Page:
All the workshops are free, but space is limited, so contact Vern 525.1410 to save a spot or for more information. Take the opportunity to learn some new things, meet some new folks, or just have fun.

Herbicide Training • 1-3pm Saturday January 11 at Nipper Wildlife Sanctuary
Herbicide Training sessions cover equipment, safe practices, protective clothing, how to read pesticide labels, and how we use herbicides in our work. Classroom session, followed by an outdoors session (weather permitting). You must attend one of these sessions and receive your certificate in order to work with herbicides on our projects.

Annual Meeting • 11-1 Saturday February 1 at Nipper Wildlife Sanctuary
Hear about our last year and upcoming year. Vote for board members. Eat great chilli! Free! Contact Vern 525.1410 to let us know you’re coming.

Chainsaw Workshop • 9-noon Advanced/1-4 Beginners Saturday February 8 at Adams Wildlife Sanctuary
If you’d like to learn to use a chainsaw or want to check in with someone to make sure you’re doing it right, then you should come to our chainsaw workshops. Learn from experienced sawers and get answers to your “how to” questions. Field practice included. Any attendees from the Advanced session that stay to help out with the Beginners session will get a free lunch.

Fire Training • 1-4 Saturday February 22 at Adams Wildlife Sanctuary
One of the most important management tools is fire used in a controlled manner. We use controlled burns for prairies, woodlands, and wetlands. Classroom session covers principles and practices, including weather conditions, safe practices, equipment, and fire behavior. Field practice to follow, weather permitting.

Fire Training • 1-4 Saturday February 29 at Nipper Wildlife Sanctuary
Same as previous week, but at Nipper.

Click on Facebook links above for more event details, maps/directions and to add to discussion. Here’s a link to our Facebook page @TheFoSV – and note our volunteers are more active on Facebook than this blog/web site. So be sure to check the page and the events listed on the page for more updates on The Friends.

Location data for workshops …

Adams Wildlife Sanctuary
2315 E Clear Lake Ave, Springfield, Illinois 62703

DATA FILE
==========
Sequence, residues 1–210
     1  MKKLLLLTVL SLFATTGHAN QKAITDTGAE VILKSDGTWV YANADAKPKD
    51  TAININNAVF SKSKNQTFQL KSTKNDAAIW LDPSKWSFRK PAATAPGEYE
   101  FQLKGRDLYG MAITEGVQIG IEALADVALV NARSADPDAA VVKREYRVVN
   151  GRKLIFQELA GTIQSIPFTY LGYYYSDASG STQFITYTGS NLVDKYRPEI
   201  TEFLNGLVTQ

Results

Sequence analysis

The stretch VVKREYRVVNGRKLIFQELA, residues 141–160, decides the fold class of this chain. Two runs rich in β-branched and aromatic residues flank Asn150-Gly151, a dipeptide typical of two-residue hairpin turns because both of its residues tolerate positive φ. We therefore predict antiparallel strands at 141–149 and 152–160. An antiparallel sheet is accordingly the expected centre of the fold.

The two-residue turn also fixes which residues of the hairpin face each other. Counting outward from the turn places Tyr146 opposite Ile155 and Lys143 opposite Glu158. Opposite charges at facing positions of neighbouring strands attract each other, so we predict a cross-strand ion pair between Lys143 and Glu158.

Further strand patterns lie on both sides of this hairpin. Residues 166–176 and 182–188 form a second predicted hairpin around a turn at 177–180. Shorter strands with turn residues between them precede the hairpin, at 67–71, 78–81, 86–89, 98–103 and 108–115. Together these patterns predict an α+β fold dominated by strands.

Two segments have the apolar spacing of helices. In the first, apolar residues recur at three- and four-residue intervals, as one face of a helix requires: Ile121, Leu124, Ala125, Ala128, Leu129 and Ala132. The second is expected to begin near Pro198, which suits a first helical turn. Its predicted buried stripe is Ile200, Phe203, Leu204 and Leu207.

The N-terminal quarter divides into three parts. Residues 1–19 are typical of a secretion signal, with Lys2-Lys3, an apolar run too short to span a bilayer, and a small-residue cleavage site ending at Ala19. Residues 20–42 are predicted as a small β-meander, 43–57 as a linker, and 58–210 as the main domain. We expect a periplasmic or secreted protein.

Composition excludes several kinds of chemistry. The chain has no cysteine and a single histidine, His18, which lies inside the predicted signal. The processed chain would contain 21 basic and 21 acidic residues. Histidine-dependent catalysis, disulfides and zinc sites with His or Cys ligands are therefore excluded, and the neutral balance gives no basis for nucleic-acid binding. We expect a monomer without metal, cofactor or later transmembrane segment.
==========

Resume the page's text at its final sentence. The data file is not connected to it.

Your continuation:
Nipper Wildlife Sanctuary
9560 Withers Rd, Loami, Illinois 62661

The Friends of the Sangamon Valley and Nipper Wildlife Sanctuary

Thanks to WSEC TV PBS Springfield’s Illinois Stories for the story on The Friends of the Sangamon Valley and Nipper Wildlife Sanctuary. If you haven’t seen it, click the link to watch on YouTube.

We have several events coming up in 2019 at Nipper (Facebook Event links below), and you can see firsthand all the things Mark McDonald discovered in his interview of our Executive Director Vernon LaGesse.

Directions: Nipper Wildlife Sanctuary is located 10 miles southwest of Springfield at 9560 Withers Road near Loami. From Springfield/Chatham take East Loami Road west to Lead Line Road. Turn South (left) on Lead Line Road to Withers Road. Turn west (right) on Withers Road. Go about 0.5 mile until you see the entrance sign. Parking lot on site.

Nipper is a private, 120-acre prairie sanctuary established in 1995 for the protection of wildlife and to educate the public. Site details. The sanctuary is open all days, daylight hours.

Follow us on Facebook. You can help The Friends of the Sangamon Valley with our land conservation and habitat restoration work by donating or becoming a member. Please explore the information on this blog, and explore our Places & Projects.

Butterfly Weed (Milkweed)
Prairie Days wetland tour
FOSV_Sunset_Tour2 (1)
Sunset Tours
Executive Director Vernon LaGesse on Illinois Stories (WSEC)

Additional upcoming events …

Seeds from the Earth Awareness Fair

Hello to everyone who checked in at our table at Saturday’s Earth Awareness Fair at the Old State Capitol! You can explore this blog and our Facebook page to find out more about The Friends of the Sangamon Valley.


We had some give-aways Saturday of native plants collected by one of our volunteers (note these seeds have been kept cool over winter, so they are ready to plant!) Other received some seed packets from Monarch Landscaping & Garden Center.

Find a small sunny spot in your yard, and you can create habitat for pollinators, insects and birds (just like The Friends do, but on a smaller scale).


Please join our non-profit organization! We rely on donors to pay for the equipment and support our volunteers at our habitat restoration projects in the Springfield region. Thanks!

Winter/Spring Events for Friends of the Sangamon Valley

The Friends of the Sangamon Valley has a bunch of events planned for the first part of 2019. Here’s the info, be sure to follow us on Facebook for updates, and be sure to join so you’re always notified via our newsletter . . .